I am so very sorry for your loss and the shock you must be experiencing. I know you weren't prepared for this, nobody is. You lose someone you love more than you love yourself and you think you won't make it through or if you really want to; I certainly did. I was so broken and sad, I literally shut down and for a moment, I felt I didn't exist. Losing your spouse is the ultimate marriage crisis and one of the most stressful events you will ever have to experience. One day you are married. The next day you are a widower, alone and grieving. Nothing is forever. And you go through all of the emotions; the shock, loneliness, anger, confusion, fear, a broken heart, and depression . It's very painful and can get even more painful before it starts to get better; after all, your entire life just changed in a matter of minutes. So if you need to cry, cry, it helps and for me is a healing device. With the lost of someone so dear, pain is necessary and so are tears - I think of them as sort of "emotional first-aid." One of the true ways to mourn your loved one is to take care of the living who belong to them. That means, as hard as it is, you must take care of yourself during this difficult time; physically and mentally. Loss isn’t past tense; it’s always present. Always with us. When my Charles died, I came face to face with mortality; the ugly reality of life. Something I always knew but never wanted to see. I’ve experienced the deaths of family, friends and acquaintances but no loss, no ache, nothing at all could prepare my heart for losing my Charles. I have traveled through it all and felt nothing made any sense. Still nothing has ever jolted me, halted me, stopped me in my tracks, like losing my Charles. Being a strong believer in God, my faith did falter following Charles death because I felt God was punishing me. After much prayer I realized HE wasn't. HE was preparing me; HE prepares us for things that we do not see coming. HE doesn't want us to stay wounded; we are supposed to move through our tragedies and challenges and to help each other move though the many painful episodes of our lives. I think in all HIS wisdom, through our wounds, we enter the hearts of one another teaching us to become compassionate and wise. Because your husband affected each of you differently, each of you will mourn him differently and that's OK. Take all the time you need to heal you emotionally. Moving on doesn't take a day; it takes a lot of little steps to be able to break free of your broken self. I hope you continue to post here; we're like family trying to help one another along the horrible journey. The journey may be long, dark and freighting, but the goal is in each step we take. Know you are in my prayers.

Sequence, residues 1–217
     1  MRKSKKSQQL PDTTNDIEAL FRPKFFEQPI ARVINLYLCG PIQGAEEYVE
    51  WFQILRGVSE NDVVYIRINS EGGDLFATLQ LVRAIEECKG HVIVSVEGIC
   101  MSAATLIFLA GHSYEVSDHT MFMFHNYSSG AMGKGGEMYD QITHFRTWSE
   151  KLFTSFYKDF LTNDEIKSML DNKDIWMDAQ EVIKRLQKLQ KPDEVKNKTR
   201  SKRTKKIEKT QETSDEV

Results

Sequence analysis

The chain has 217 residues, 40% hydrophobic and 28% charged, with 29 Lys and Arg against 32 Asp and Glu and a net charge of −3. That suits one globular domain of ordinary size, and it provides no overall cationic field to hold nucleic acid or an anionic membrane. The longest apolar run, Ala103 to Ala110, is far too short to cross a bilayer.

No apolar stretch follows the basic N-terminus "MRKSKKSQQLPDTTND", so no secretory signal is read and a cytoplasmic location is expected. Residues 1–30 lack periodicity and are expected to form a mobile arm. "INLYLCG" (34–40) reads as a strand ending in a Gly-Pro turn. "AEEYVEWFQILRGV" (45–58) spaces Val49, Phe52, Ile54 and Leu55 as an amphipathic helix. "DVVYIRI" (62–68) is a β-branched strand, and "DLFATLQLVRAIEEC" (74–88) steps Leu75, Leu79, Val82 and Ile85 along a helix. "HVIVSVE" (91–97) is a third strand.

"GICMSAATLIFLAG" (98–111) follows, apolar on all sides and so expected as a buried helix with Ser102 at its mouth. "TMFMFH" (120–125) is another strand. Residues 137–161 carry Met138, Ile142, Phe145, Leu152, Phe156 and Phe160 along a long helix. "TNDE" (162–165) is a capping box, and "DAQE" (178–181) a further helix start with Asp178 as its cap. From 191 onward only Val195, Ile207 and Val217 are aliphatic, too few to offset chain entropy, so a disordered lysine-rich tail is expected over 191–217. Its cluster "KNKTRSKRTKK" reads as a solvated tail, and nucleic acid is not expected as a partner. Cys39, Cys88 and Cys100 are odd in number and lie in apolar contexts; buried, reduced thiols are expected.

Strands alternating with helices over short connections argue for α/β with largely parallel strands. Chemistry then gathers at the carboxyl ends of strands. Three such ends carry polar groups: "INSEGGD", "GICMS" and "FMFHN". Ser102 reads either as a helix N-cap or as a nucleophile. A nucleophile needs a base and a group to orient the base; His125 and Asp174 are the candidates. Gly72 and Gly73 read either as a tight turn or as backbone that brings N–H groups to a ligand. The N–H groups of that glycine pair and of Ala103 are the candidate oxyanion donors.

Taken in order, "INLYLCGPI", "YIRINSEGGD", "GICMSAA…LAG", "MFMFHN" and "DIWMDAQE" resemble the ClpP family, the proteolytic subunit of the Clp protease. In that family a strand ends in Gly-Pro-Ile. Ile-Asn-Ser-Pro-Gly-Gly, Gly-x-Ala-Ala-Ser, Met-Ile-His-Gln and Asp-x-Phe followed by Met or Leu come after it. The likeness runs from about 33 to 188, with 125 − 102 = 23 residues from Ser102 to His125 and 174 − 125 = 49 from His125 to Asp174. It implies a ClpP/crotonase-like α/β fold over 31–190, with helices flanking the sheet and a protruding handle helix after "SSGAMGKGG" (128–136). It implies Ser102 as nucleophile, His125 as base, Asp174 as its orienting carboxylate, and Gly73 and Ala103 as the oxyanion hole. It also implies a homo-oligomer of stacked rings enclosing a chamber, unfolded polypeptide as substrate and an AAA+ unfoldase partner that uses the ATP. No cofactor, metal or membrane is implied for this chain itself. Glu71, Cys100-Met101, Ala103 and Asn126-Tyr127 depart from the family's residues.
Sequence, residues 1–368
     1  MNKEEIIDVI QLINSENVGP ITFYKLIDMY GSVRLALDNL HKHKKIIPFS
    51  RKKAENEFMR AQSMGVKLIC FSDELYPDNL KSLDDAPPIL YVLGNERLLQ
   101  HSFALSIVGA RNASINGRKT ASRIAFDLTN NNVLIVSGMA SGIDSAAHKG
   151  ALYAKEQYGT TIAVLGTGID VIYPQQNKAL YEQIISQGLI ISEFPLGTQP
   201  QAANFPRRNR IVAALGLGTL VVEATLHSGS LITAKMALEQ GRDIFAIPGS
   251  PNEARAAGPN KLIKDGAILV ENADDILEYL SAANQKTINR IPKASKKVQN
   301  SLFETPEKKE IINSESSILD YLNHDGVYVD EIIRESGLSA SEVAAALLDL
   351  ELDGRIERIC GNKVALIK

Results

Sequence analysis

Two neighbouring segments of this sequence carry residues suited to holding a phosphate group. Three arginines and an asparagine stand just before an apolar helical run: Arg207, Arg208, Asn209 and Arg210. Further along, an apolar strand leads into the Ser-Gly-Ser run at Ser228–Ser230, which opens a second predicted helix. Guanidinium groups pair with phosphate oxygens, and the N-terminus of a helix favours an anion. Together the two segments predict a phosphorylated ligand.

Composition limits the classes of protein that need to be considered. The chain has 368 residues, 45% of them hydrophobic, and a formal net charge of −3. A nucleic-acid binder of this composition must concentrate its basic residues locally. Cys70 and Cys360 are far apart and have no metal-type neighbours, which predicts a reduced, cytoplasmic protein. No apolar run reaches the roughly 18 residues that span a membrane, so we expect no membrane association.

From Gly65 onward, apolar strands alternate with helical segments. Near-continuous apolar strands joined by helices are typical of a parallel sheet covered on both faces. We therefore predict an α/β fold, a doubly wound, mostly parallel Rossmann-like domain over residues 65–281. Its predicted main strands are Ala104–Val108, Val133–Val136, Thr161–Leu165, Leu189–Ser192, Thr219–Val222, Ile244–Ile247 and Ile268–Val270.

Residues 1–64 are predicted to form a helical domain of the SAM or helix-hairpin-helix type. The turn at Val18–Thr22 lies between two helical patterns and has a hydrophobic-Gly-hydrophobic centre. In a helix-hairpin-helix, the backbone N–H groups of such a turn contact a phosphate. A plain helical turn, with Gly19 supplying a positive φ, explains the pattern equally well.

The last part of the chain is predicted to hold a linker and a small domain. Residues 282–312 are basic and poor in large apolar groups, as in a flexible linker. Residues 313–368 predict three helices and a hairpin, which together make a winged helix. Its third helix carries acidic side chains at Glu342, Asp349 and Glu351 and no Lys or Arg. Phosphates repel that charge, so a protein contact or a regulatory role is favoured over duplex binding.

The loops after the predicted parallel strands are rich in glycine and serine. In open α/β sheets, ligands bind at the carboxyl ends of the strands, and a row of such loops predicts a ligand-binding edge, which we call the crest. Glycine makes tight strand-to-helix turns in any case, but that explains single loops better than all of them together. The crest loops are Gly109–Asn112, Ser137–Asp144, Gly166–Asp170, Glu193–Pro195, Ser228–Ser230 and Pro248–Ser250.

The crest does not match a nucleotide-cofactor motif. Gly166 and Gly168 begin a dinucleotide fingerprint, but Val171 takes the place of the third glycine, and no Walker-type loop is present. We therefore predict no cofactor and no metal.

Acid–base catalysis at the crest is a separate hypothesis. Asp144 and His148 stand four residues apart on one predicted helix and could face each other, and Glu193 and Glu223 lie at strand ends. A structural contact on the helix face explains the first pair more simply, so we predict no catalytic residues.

21. My painful truth!